THERESA MAY’S election campaign suffered its first serious setback after narrowing polls and warnings from Conservative candidates forced her into a major U-turn on her flagship manifesto pledge today.
Mrs May had to defend herself against suggestions that her offer of a cap on social care costs undermined her claim to offer voters “strong and stable leadership”.
The Prime Minister used the launch of the Welsh Conservative manifesto to reinstate an upper limit on the amount that anyone will have to pay for care in old age just four days after the party dumped the idea.
The move came as two polls pointed to Labour enjoying a five-point boost following both major parties’ manifesto launches last week and Conservative activists reported Mrs May’s plans for social care and means-testing the winter fuel allowance had confused voters.
One Conservative candidate said: “We have had a lot of people getting in touch about the winter fuel allowance. I think the presentation of both polices has been poor.
“In my constituency it has single-handedly resuscitated the Labour campaign.”
Another said: “People recognise the fairness element of the fuel allowance policy but the social care policy hasn’t been properly sold.
“The overriding view is that it’s not a deal-breaker that will make people vote for Corbyn instead, but they’re not entirely happy about it, even if they understand that it has to be paid for somehow.”
Conservative activists from across Yorkshire confirmed both issues had been raised in weekend canvassing with complaints focused as much on the lack of detail on the policies as on the principles behind them.
The Conservatives last week insisted their plan to guarantee older people would retain £100,000 in assets was fairer than the social care cap suggested by an independent commission led by economist Sir Andrew Dilnot.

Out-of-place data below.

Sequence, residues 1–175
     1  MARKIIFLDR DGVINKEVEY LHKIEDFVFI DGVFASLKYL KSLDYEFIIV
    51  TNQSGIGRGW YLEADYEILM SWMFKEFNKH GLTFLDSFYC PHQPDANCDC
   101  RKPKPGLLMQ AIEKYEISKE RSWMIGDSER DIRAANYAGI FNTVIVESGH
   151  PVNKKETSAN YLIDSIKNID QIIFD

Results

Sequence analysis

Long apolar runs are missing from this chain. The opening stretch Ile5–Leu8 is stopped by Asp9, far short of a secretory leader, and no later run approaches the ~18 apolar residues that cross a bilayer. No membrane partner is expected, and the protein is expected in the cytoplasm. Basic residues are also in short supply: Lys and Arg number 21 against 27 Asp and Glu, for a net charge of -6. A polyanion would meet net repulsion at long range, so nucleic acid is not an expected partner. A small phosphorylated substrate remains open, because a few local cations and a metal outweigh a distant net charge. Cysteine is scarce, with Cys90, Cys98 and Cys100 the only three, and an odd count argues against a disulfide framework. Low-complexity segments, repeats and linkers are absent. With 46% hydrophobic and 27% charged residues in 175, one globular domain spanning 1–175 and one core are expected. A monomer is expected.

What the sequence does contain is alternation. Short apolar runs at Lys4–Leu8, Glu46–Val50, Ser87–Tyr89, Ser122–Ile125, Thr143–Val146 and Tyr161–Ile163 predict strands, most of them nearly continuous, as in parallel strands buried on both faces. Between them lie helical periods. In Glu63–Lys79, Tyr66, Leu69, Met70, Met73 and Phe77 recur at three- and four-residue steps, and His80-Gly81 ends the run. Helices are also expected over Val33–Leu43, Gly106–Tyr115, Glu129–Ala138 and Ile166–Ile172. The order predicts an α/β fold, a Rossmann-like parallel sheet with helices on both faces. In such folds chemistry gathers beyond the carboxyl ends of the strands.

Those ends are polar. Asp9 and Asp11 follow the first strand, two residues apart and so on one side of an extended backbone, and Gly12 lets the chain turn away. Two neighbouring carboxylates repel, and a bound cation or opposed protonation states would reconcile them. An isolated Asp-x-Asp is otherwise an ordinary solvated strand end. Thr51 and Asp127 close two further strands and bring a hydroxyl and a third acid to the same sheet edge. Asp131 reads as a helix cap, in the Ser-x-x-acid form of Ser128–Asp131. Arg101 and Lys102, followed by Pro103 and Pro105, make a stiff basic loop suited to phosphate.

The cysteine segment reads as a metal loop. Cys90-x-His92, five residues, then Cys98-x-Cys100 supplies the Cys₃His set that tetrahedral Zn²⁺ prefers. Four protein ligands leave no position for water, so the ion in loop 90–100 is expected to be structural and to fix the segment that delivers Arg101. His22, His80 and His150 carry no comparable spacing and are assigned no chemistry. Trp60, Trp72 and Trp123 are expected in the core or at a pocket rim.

But the policy was branded a “dementia tax” because it put no upper limit on the amount people could be charged for their care.
Mrs May yesterday said the already-promised Green Paper on social care would consult on an “absolute limit on the amount people have to pay” but insisted “nothing has changed”.
She said: “We have not changed the principles of the policies we set out in our manifesto. Those policies remain exactly the same.
“What we have done, which other parties have signally failed to do, is to recognise the challenge that we face, to respect the needs and concerns of the British people and to provide a long-term plan for sustainable social care which means that elderly people in this country won’t have to worry about how their social care will be paid for in the future.”
Former Hull MP and deputy prime minister Lord Prescott was today campaigning with Jeremy Corbyn as the Labour leader visited the city and Scarborough.
He said: “All her life is about U-turns. She’s standing as ‘could be relied on’, stable and trustworthy; I think the people have got the real measure of this woman – you can’t trust her. Did the Cabinet discuss it? No. Did the parliament discuss it? No. Did their party discuss it? No. Just ‘me, me, me’ and she’s the only one that does a U-turn on her own thing.”
A poll by Survation published yesterday showed Labour up five percentage points to 34 per cent while ICM had the party also up five points to 33 per cent.
Tonight Mrs May insisted her party is “committed” to curbing immigration to the tens of thousands despite claims that she did not have the backing of the Cabinet.
The Prime Minister dismissed comments in an editorial in the London Evening Standard, edited by former chancellor George Osborne, which said no top ministers supported the Tory target.
She added: “We have brought in new rules. We’ve ruled out a lot of abuse that was taking place in the system.”